The main.tf is the entry point of the module and this is where you can begin authoring your module. It can contain multiple Terraform resources related to an automation task that uses Consul service discovery information, particularly the required services input variable. The code example below shows a resource using the services variable. When this example is used in automation with Consul-Terraform-Sync, the content of the local file would dynamically update as Consul service discovery information changes.

# Create a file with service names and their node addresses
resource "local_file" "consul_services" {
  content = join("\n", [
    for _, service in var.services : "${service.name} ${service.id} ${service.node_address}"
  ])
  filename = "consul_services.txt"
}

»Services variable

To satisfy the specification requirements for a compatible module, copy the services variable declaration to the variables.tf file. Your module can optionally have other variable declarations in addition to var.services.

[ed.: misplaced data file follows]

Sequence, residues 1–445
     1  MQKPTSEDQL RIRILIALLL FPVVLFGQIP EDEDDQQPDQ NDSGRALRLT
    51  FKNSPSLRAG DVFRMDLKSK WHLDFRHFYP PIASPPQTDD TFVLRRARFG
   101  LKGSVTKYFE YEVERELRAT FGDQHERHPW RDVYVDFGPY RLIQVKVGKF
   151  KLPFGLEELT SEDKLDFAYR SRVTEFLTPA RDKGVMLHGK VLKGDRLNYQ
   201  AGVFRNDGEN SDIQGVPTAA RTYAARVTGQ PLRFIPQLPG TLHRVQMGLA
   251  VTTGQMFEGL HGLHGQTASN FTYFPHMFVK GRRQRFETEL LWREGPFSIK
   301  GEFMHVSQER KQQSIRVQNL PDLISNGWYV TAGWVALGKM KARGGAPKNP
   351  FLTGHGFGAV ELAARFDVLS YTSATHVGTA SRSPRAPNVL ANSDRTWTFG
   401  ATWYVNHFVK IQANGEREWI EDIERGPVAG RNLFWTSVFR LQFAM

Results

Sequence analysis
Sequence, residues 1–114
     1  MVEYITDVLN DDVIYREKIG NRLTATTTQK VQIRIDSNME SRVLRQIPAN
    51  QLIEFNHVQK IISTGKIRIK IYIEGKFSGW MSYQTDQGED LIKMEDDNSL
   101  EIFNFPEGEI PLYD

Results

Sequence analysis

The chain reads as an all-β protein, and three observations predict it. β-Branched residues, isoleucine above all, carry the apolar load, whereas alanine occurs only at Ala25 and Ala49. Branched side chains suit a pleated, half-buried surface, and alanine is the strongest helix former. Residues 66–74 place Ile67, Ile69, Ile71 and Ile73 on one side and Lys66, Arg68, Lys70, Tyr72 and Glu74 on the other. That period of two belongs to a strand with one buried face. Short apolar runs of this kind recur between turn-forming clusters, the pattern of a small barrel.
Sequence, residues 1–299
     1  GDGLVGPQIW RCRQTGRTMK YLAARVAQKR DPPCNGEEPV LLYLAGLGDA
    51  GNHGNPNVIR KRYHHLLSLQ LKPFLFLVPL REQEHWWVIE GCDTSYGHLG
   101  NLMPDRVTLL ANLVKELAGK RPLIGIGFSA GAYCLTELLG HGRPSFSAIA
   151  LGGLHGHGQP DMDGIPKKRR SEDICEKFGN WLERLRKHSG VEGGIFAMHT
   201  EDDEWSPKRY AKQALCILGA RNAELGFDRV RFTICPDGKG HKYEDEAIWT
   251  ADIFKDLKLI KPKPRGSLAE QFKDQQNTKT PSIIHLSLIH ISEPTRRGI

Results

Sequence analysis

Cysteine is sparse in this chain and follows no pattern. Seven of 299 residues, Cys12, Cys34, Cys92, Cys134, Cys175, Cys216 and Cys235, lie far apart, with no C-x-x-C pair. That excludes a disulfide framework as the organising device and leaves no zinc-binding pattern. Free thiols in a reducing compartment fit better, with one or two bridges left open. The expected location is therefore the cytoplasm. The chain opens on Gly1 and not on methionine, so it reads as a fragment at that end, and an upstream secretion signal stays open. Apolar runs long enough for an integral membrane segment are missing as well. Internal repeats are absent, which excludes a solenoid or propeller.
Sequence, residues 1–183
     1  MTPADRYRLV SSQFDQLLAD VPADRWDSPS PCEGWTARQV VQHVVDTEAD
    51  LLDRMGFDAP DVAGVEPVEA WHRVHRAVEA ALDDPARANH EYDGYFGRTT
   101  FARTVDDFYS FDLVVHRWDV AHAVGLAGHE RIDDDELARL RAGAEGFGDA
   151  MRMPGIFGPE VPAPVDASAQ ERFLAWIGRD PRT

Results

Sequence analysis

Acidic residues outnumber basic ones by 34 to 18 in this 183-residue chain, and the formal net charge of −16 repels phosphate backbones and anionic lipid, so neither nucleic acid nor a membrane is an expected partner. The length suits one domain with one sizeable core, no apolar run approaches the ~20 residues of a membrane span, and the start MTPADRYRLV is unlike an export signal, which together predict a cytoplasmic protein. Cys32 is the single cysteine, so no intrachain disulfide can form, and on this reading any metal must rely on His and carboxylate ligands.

variable "services" {
  description = "Consul services monitored by Consul-Terraform-Sync"
  type = map(
    object({
      id        = string
      name      = string
      kind      = string
      address   = string
      port      = number
      meta      = map(string)
      tags      = list(string)
      namespace = string
      status    = string

      node                  = string
      node_id               = string
      node_address          = string
      node_datacenter       = string
      node_tagged_addresses = map(string)
      node_meta             = map(string)

      cts_user_defined_meta = map(string)
    })
  )
}

Keys of the services map are unique identifiers of the service across Consul agents and data centers. Keys follow the format service-id.node.datacenter (or service-id.node.namespace.datacenter for Consul Enterprise). A complete list of attributes available for the services variable is included in the documentation for Consul-Terraform-Sync tasks.